alienating workplaces where they have little curricular control, might find
themselves having to use such celeb-laden materials, hints embodying possible
alternatives would make this critique more worthwhile.

Finally, in terms of methodology, though the size of the volume is a necessary
limitation, readers may still be left wondering about the providence of the
interview samples used in Chapter 6. A larger segment showing how that talk
emerged through discussion with the interviewer, as shown in Talmy (2011), would
enhance its validity.

Despite these points, “Neoliberalism and Applied Linguistics” does succeed in
asking crucial questions, and in imagining what a more materialist applied
linguistics might look like. As a part of the recent turn towards Marxian
political economy in the academy, it is certainly a timely work. Holborow
provides substantial critical responses to Fairclough in arguing against the
discursive overdetermination of ideology, and further work within CDA should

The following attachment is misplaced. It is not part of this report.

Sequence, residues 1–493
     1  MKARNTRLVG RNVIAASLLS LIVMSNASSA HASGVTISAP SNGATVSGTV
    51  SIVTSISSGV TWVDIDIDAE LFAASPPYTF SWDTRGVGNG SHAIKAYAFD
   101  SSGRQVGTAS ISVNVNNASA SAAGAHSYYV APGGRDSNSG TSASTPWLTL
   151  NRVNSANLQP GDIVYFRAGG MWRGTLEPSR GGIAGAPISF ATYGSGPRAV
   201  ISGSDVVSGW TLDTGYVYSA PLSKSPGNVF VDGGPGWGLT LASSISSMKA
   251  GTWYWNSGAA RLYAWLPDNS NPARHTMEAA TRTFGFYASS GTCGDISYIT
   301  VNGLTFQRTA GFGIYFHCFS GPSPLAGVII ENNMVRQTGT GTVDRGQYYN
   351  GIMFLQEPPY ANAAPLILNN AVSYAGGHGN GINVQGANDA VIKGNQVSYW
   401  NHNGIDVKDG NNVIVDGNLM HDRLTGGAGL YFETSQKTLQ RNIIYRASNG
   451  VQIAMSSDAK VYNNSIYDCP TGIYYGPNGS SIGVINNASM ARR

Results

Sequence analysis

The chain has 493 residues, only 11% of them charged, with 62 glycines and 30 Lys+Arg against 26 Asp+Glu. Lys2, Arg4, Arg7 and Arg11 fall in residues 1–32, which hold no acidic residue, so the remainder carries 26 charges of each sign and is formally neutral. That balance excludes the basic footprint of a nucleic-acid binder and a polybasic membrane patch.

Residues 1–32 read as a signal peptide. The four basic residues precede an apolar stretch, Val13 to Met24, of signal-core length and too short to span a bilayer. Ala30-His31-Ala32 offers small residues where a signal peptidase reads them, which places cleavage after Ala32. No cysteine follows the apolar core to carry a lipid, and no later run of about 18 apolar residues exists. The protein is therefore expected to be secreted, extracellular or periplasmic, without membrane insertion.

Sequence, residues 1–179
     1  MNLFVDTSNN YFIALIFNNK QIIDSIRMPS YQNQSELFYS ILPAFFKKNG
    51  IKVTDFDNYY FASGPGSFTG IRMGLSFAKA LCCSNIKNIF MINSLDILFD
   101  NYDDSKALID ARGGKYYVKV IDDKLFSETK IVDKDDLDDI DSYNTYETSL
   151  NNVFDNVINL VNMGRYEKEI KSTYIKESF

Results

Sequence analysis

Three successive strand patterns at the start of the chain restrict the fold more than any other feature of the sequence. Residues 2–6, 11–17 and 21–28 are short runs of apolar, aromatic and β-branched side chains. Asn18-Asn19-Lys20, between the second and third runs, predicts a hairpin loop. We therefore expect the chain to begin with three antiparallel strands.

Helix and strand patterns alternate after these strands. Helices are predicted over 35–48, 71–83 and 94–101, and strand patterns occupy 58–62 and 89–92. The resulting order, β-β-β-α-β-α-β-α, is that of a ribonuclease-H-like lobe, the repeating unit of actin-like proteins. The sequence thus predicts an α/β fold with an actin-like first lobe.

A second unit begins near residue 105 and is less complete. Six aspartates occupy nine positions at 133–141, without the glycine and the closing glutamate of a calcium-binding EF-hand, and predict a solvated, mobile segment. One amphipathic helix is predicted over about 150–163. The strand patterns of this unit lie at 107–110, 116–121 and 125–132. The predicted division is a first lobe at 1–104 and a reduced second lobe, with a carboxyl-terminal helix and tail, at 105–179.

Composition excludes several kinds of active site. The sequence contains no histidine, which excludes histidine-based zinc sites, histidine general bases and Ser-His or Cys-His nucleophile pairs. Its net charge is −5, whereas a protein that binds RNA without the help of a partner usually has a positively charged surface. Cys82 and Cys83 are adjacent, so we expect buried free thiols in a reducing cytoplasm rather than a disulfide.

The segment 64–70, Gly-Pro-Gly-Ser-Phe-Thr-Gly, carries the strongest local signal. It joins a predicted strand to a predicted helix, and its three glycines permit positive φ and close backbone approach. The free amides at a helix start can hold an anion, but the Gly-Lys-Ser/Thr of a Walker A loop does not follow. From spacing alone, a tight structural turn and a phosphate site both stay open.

take up Holborow’s challenge. Gray’s depictions of contemporary textbooks,
teacher training, and pedagogy within the place of corporatized “learning
environments” will ring true to anyone who was worked in the private language
teaching industry in the past decade or two. Such a stark depiction of today’s
language teaching realities should be more widely incorporated in writings on
contemporary pedagogy.

In closing, this book offers a distinctive vision of what a more
socially-engaged applied linguistics might look like. Those who disagree with
such a project should read it so they can sharpen their arguments, and those in
favor should read so they can help bring about the changes they seek within the
discipline, and perhaps larger ones too.